CHATFIELD, Minn.—A favorite saying of Calvary Baptist Church is “Love God. Love others.” One way the church has encouraged its members to love others is by creating a Caring Tree on a hallway wall.

Hanging from the branches are index cards on which church members have written down their needs. Someone in the church body who can fulfill a need removes that card from the tree, contacts the person, and completes the job.

Pastor Mike Gittins gives these examples of needs that people might share: Perhaps a dining room table has broken; someone may have an extra table or can fix the broken one. A person going through a difficult situation might like to pray with another believer; those people can walk through the valley together. Someone may need help moving boxes into an attic; others can offer to help.

“We started the Caring Tree as a way to jump-start the practical side of being the Body of Christ,” Mike says.

Church members tended to know what was going on in each other’s lives (for example, experiencing a health issue, going to a medical appointment, hosting visitors), but they needed some encouragement to intentionally do life together and invest in each other spiritually.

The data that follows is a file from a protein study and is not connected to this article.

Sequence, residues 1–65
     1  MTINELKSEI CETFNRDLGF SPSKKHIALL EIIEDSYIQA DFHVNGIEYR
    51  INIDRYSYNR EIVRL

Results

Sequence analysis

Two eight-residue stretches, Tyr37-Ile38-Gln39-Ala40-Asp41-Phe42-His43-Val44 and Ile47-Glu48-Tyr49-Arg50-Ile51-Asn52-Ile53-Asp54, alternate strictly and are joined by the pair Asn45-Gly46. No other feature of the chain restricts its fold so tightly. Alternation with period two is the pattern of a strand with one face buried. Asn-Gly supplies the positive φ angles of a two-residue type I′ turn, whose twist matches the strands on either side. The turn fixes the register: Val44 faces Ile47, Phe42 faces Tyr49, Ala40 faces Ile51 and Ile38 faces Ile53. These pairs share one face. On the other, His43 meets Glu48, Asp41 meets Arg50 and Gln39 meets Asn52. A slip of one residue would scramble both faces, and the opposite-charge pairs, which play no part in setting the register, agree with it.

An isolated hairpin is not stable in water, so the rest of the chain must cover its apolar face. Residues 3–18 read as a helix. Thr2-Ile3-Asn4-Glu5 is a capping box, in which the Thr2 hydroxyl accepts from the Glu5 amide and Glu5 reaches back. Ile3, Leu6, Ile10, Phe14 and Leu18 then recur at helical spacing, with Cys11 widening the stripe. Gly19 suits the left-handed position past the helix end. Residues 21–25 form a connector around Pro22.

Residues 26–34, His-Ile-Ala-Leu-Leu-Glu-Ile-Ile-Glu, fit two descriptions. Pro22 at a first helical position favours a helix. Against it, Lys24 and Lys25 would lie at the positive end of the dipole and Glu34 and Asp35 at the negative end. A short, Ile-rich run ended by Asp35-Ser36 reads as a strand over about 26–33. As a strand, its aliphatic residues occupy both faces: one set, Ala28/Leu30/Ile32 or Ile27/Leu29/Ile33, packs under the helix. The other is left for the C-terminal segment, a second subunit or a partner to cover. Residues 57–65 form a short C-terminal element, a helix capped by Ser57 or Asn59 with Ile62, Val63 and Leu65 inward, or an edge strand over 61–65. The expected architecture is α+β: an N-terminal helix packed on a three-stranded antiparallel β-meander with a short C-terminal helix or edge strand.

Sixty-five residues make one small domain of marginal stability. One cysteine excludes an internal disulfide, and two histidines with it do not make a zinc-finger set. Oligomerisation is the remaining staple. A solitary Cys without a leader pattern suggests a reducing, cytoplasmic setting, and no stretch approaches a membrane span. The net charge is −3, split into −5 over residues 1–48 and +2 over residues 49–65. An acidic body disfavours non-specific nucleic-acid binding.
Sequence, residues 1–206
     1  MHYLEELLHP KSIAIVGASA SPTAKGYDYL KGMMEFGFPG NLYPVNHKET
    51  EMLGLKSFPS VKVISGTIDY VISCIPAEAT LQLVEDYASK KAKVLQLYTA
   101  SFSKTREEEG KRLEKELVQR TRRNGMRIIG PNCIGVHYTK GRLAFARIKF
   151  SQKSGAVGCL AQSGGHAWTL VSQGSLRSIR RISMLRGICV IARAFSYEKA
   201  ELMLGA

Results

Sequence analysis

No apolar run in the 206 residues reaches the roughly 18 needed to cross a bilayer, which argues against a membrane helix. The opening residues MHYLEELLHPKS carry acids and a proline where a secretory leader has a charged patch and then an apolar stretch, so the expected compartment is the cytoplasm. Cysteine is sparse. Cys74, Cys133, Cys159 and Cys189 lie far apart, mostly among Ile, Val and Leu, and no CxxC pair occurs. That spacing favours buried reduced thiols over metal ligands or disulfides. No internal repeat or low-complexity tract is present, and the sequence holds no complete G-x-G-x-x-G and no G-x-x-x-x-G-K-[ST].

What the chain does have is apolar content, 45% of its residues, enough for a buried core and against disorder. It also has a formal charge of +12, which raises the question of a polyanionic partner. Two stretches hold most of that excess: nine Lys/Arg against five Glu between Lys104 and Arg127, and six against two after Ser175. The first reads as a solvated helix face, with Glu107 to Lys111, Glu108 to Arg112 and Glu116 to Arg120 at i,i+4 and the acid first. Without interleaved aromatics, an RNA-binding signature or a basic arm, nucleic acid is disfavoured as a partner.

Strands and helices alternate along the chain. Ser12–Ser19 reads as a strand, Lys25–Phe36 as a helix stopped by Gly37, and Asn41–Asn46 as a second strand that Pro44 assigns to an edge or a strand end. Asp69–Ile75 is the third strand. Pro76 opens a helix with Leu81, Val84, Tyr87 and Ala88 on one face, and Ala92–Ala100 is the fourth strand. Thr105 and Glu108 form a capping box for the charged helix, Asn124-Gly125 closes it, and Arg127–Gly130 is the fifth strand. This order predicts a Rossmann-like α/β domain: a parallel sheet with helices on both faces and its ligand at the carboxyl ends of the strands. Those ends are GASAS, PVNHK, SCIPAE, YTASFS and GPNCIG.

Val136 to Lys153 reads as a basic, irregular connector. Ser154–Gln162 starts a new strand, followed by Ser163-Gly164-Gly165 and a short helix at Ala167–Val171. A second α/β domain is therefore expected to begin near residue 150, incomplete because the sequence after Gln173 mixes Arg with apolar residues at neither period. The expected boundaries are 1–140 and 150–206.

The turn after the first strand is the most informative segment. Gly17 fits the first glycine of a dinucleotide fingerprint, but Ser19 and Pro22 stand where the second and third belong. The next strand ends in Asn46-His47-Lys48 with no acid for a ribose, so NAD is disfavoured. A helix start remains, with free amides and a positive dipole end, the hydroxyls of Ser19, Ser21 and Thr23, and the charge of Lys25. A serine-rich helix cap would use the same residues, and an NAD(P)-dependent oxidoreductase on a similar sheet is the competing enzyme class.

For discipleship relationships to happen in the church body, members need to know each other well and spend time together outside of church; they need to walk through life together and show love and care in the ordinary details of life, Mike says.

So the short-term purposes of the Caring Tree are to encourage people to ask for help and to give others opportunities to serve by using their skills. But the long-term goal is for the church family to develop relationships that provide deep discipleship opportunities. Such discipleship will help the church grow spiritually from the inside out.

Essentially, the Caring Tree is an AED for the church body, says Mike, who is an EMT for an ambulance service. Like an AED resets a patient’s heart rhythm, with the goal of helping that person begin functioning well without the device, the Caring Tree resets what it means to be the Body of Christ.

Hopefully, the idea behind the Caring Tree will “become the rhythm of the lives of our people,” Mike says. “Ideally, someday, we won’t need the Caring Tree anymore.”